The Royal Navy Fleet Air Arm Museum has launched a project to carry out a live rebuild over a period of 10 years of an aircraft of which there are currently no examples. The Fairey Barracuda was a World War II-era torpedo and dive bomber that took off from aircraft carriers, and while thousands were made, none survived into the modern age.
This unique aircraft will take center stage within the Fleet Air Arm Museum, which is located in Yeovilton, Somerset. The project is supported by the descendants of Arthur Kimberley, who was killed in the North Sea while manning the three-seater Barracuda as a telegraphist/gunner, aged 20, on an anti-submarine patrol. He’d taken off into less-than-favorable weather conditions.
The area set aside in the museum, dubbed the Arthur Kimberley Gallery, will allow visitors to watch the aircraft be brought back to life using a delicate balance of reclaimed original parts and newly-manufactured components. Wherever possible, authentic Barracuda parts extracted from wreck sites across the United Kingdom will be used after they’ve been subjected to a rigorous conservation process to stabilize and de-corrode them, thus preserving their historical significance.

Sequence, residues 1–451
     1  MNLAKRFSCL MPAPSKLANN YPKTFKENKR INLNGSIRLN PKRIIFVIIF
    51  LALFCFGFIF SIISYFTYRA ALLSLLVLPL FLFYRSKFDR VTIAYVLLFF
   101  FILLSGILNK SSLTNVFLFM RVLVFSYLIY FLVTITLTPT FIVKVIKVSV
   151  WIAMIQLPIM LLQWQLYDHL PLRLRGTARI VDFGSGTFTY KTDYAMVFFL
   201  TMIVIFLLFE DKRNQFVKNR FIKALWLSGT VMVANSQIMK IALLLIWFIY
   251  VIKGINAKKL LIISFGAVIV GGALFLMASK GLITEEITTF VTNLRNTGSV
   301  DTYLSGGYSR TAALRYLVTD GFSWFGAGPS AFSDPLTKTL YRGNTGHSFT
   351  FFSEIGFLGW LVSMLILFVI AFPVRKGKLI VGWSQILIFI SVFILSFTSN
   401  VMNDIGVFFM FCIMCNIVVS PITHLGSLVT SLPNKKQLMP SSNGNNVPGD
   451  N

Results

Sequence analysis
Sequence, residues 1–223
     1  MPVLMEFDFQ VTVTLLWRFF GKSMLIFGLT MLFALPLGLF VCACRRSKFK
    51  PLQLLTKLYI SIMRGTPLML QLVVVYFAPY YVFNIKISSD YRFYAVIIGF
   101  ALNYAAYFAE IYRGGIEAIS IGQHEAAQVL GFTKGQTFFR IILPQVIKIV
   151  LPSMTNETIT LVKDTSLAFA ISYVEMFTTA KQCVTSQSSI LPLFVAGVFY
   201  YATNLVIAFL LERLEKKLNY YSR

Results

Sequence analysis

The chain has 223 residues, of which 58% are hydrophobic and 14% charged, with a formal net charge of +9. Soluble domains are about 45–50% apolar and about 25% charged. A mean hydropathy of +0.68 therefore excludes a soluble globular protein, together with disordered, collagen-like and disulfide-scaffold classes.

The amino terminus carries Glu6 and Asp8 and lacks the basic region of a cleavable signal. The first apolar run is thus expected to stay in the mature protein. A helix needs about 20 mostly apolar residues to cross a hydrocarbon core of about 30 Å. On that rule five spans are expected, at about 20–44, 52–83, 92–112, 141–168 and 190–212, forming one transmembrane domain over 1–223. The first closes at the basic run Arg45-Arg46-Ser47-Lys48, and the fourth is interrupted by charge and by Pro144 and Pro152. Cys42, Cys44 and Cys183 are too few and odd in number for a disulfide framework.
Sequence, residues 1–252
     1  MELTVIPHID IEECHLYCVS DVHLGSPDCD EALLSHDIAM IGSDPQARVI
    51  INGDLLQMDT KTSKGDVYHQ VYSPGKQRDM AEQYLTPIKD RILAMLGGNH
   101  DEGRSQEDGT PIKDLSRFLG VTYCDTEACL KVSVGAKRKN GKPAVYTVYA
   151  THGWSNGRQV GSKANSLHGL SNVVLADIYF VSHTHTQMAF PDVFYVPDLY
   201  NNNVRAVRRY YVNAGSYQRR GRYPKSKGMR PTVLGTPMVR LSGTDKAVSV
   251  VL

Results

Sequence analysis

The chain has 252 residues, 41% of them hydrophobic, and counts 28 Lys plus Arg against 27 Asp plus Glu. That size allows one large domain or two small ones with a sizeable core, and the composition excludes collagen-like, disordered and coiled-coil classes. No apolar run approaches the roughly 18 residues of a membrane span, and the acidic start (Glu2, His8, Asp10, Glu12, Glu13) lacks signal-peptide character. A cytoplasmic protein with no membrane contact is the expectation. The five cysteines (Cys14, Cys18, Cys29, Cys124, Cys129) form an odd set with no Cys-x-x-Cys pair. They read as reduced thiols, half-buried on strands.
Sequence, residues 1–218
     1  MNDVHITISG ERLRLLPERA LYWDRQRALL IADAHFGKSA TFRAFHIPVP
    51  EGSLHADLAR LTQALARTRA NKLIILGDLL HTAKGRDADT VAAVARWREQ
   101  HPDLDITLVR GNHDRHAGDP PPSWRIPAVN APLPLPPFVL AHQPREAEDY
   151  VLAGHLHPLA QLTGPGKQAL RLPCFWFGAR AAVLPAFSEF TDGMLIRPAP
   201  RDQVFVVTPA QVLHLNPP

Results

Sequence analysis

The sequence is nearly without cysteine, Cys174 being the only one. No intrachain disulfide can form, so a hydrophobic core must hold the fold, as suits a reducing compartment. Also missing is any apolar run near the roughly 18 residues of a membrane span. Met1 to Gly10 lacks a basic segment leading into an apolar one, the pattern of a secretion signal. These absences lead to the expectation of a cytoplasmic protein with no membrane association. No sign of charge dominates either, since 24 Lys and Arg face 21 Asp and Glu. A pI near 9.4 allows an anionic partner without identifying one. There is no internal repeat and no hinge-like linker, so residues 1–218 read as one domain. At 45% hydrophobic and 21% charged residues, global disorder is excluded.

The project is expected to take around 10 years to complete, and it was formally started on September 22, 2023.
In all, over 2,500 Barracudas were delivered to the Fleet Air Arm and they were used alongside the earlier Fairey Swordfish, a biplane. Among the aircraft’s most notable engagements were repeated strikes against the German battleship Tirpitz. Not one example is on display anywhere in the world, making the reconstruction job that much harder.
One of Kimberley’s relatives was at the kickoff event to thank those taking part in the project. He also let everyone know that his descendent’s sacrifice, as with that of other Fleet Air Arm crewmen lost without graves, continues to be remembered.
In the coming years, visitors will be able to visit the Fleet Air Arm Museum to see how the build is progressing and just how the conservation team manages to put together thousands of wrecked parts, like some kind of 3-D jigsaw puzzle.